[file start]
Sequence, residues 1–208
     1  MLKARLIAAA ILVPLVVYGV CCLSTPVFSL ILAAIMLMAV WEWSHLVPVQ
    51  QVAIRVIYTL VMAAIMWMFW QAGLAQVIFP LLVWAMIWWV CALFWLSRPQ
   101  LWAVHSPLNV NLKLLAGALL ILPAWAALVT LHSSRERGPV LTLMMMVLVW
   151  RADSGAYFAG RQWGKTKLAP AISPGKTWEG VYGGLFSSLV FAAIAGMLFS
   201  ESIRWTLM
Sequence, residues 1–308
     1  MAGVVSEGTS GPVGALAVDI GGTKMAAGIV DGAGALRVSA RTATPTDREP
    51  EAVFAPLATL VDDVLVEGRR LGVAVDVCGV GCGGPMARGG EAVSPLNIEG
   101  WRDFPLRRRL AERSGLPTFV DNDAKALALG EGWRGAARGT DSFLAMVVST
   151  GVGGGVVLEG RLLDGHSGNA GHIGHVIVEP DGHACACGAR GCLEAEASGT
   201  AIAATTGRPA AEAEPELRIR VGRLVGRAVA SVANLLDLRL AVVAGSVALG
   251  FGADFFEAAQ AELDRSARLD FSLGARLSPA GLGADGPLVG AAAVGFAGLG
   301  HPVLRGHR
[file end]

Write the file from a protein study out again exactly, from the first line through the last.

Sequence, residues 1–208
     1  MLKARLIAAA ILVPLVVYGV CCLSTPVFSL ILAAIMLMAV WEWSHLVPVQ
    51  QVAIRVIYTL VMAAIMWMFW QAGLAQVIFP LLVWAMIWWV CALFWLSRPQ
   101  LWAVHSPLNV NLKLLAGALL ILPAWAALVT LHSSRERGPV LTLMMMVLVW
   151  RADSGAYFAG RQWGKTKLAP AISPGKTWEG VYGGLFSSLV FAAIAGMLFS
   201  ESIRWTLM
Sequence, residues 1–308
     1  MAGVVSEGTS GPVGALAVDI GGTKMAAGIV DGAGALRVSA RTATPTDREP
    51  EAVFAPLATL VDDVLVEGRR LGVAVDVCGV GCGGPMARGG EAVSPLNIEG
   101  WRDFPLRRRL AERSGLPTFV DNDAKALALG EGWRGAARGT DSFLAMVVST
   151  GVGGGVVLEG RLLDGHSGNA GHIGHVIVEP DGHACACGAR GCLEAEASGT
   201  AIAATTGRPA AEAEPELRIR VGRLVGRAVA SVANLLDLRL AVVAGSVALG
   251  FGADFFEAAQ AELDRSARLD FSLGARLSPA GLGADGPLVG AAAVGFAGLG
   301  HPVLRGHR